An actor of interstellar note, William Shatner has also recorded 10 spoken-word albums. His latest recording studio voyage finds him boldly going where no starship captain has gone before: talking the blues.

Every track on “The Blues” (Cleopatra Records) pairs Shatner with a guest guitarist. Among them are two Louisiana greats: Lafayette slide master Sonny Landreth and James Burton, the Shreveport guitarist who backed Elvis Presley and Ricky Nelson.

“Sonny Landreth on the slide guitar, he’s a monument,” Shatner told Cleveland.com recently.

Other guitar stars include rock musicians Pat Travers, Ritchie Blackmore (Deep Purple) and Jeff “Skunk” Baxter (Steely Dan, the Doobie Brothers), Booker T. and the MG’s guitarist Steve Cropper and country star Brad Paisley.

Speaking to Rolling Stone recently, Shatner said his record company’s suggestion that he make a blues album surprised him.

“A white guy from Montreal knows nothing of the blues,” the 89-year-old actor admitted. Knowing he was entering uncharted territory, Shatner did his blues homework.

“I approached it with the reverence that I know that the blues people want everybody to have,” he told Cleveland.com. “I read books and I talked to blues musicians. I developed more of a regard for the blues than I had before.”

Shatner’s recording career began with 1968’s “The Transformed Man.” A camp classic, it features his recited mashups of Shakespeare, the Beatles, Bob Dylan and Frank Sinatra. Thirty years later, the actor made a scene-stealing guest appearance on Ben Fold’s 1998 album "Fear of Pop." A full-scale collaboration with Folds followed, 2004’s funny and dramatic "Has Been."

More guest-filled Shatner albums ensued, including 2011’s classic-rock project, “Seeking Major Tom,” and 2018’s country entry, “Why Not Me.”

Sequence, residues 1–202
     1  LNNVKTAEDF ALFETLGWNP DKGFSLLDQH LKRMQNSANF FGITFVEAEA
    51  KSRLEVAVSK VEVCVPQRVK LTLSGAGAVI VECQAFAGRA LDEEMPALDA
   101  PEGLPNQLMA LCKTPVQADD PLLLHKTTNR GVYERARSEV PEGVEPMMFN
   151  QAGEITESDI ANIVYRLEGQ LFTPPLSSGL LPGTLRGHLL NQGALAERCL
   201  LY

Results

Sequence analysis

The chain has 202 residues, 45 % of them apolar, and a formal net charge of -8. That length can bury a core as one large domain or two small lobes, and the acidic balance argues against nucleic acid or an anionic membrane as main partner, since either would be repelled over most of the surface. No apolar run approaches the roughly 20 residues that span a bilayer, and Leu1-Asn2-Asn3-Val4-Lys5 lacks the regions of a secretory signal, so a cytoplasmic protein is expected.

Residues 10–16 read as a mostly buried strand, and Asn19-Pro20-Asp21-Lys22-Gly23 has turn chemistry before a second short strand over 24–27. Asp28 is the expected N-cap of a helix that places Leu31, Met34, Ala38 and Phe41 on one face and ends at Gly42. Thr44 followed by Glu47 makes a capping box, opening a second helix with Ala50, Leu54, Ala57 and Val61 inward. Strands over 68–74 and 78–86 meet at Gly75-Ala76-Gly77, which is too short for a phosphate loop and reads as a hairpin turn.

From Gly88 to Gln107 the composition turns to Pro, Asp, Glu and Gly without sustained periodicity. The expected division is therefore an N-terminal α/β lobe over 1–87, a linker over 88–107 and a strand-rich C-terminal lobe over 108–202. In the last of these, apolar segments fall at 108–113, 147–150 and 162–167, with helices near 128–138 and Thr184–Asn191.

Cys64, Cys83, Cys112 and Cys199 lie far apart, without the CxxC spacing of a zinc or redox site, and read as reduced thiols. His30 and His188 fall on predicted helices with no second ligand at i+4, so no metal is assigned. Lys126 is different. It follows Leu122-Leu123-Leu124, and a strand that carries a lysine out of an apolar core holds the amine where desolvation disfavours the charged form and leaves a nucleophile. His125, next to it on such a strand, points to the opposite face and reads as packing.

Like the previous albums, “The Blues” inexplicably melds comedy and sincerity. The session musicians skillfully play Shatner’s collective straight man, but the fun in their playing suggests they’re also in on the joke.

The shouting Shatner has a ball in the album’s blues-rock take on “Sweet Home Chicago” (featuring Paisley’s guitar all over the track). Shatner’s expansive acting style accelerates to warp drive in “I Can’t Quit You Babe” (featuring Kirk Fletcher).

Landreth adds guitar fills throughout and a soaring solo to the Cream classic “Sunshine of Your Love,” spoken by Shatner in understated tones. Burton’s subtle touch in Robert Johnson’s “Crossroads” makes for a refreshing change from some of the album’s pedestrian blues-rock arrangements.

Backed by Canned Heat in “Let’s Work Together,” Shatner sounds especially sincere for the 1969 Wilbert Harrison hit that Canned Heat first covered in 1970. Detouring from blues, Shatner and Cropper’s Memphis soul-guitar playing reinvent “Route 66” to charming effect. Their take on the hip jazz classic deserves a place alongside the famous earlier versions by Nat King Cole, Chuck Berry and the Rolling Stones.

Meanwhile, another album from starship trooper Shatner is in the works.